Time Outs and the Question of Culture in Discipline
Christina's kids goofing around. She chooses time-outs as
her strictest disciple rather than spanking.
By Christina Simon
In a recent post, Tara Kamiya, founder of the wonderful blog, Multicultural Familia, wrote about the surprise she encountered when she got ready to open a day care, “Now as I complete my application to start a daycare in NY State I find out that ‘Time Out’ is prohibited and deemed as a humiliation technique frowned upon by the state.”
What? No time-outs? I consider myself a modern mom, but I don’t know anyone who doesn’t use time-outs. My kids attend a progressive, private elementary school, where time-outs are used to have a kid sit outside the classroom when s/he is being disruptive. I use time-outs and they work for my kids. I don’t have a lot of other effective options when things are going downhill faster than a tumbling boulder. This is, of course, after using words to discuss the problem has failed miserably.
Sometimes kids just need time away to get themselves together. Not too long, not isolated for long periods of time. Never missing dinner or anything drastic. Just a few minutes to calm down.
Tara makes another interesting observation,“Childhood discipline is a cultural issue when you come right down to it. Coming from an African American background there was no talking, we were spanked and happy to survive.”
Race is one of a complicated mix of factors that influence parenting and discipline techniques. As a mixed-race kid (African American and white), I recall my African American mom talking about being spanked and it brought back terrible memories for her. She never wanted that for her kids. So, we were parented with words, patience and tolerance, with very few rules and certainly no physical violence. I agree with Tara, some traditional African American households do believe in spanking their kids. However, I’ve never spanked my kids and I never will.
We’ve all see the stereotypical “welfare mom” in the Walmart with her kids, slapping them around when they act up. Nobody wants to be that mom. Yet poverty doesn’t have a monopoly on physical discipline of kids. My husband, raised on the Mainline of Philadelphia, a wealthy enclave, was beaten with a belt by his dad. Driving home from a bookstore in Los Angeles a few years ago, I watched with horror as a white mom in a new Mercedes SUV turned around to her toddler strapped in the back seat and hit him in the face several times. I pulled up along side of her, told her I was watching her and followed her in my car for several miles, with my baby in the back seat. I was shaking. She flipped me off, but stopped hitting her kid.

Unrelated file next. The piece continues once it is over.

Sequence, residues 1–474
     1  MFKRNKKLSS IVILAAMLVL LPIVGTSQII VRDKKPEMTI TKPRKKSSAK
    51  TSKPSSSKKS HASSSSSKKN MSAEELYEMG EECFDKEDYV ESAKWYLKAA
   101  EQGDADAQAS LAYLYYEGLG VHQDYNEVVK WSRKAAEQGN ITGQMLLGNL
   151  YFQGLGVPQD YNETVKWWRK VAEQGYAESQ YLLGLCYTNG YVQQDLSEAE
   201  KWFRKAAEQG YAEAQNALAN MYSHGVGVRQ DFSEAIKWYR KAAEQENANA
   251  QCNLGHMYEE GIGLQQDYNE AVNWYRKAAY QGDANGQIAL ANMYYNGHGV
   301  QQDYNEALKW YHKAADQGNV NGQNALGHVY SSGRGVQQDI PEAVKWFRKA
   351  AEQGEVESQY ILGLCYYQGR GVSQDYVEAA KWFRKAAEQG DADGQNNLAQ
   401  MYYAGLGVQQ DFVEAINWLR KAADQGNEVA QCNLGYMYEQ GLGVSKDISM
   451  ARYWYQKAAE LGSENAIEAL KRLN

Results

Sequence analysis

Clearly, no single ethnicity or income group has a monopoly on hitting their kids.
Living in the liberal Westside of Los Angeles, parenting styles here tend toward child-centered, self-esteem boosting philosophies. Parents here, for the most part, would never hit their kids. We are too busy focusing on eating organic and finding the right “mommy and me” class. Hitting one’s kid here is simply not an option, with a few exceptions. I do know two moms who spank their kids. It’s definitely out of the norm for Los Angeles and it makes me cringe. Yelling and timeouts are, however, used frequently by parents in this crowd.
Regional differences in discipline occur, like regional accents. In some areas of the country, like the South, for example, discipline may be harsher than on the Westside of Los Angeles or the Upper West Side of New York. One of my friends who spanks her kids is Southern. I don’t have a problem with time-outs. “Go to your room” is sometimes my last resort when my kids are getting out of control.
Christina Simon is the co-author of “Beyond The Brochure: An Insider’s Guide To Private Elementary Schools In Los Angeles.” She also writes the blog, www.beyondthebrochure.blogspot.com about applying to private elementary schools in Los Angeles and the ups and downs as life as a private school mom. Christina is a former vice president at Fleishman-Hillard, a global public relations firm. She has a 7-year-old son and a 10-year-old daughter. Christina lives in Los Angeles with her husband and kids. She has a B.A. from UC Berkeley and an M.A. from UCLA. Christina has written recent guest blog pieces for Diaries Of A Mixed (Up) Kid, Mamapedia, Scary Mommy, BlogHer Syndication, Open Salon (Edior’s Pick Front Page), The Mother Company, The Well Mom, Reading Kingdom, Girls Lunch Out, Front Page of Divine Caroline, The Twin Coach, A Child Grows In Brooklyn, ecomom, Power of Moms, The Culture Mom, A Hip Chick’s Guide To PMS, Pregnancy & Babies, Sane Moms and Macaroni Kids.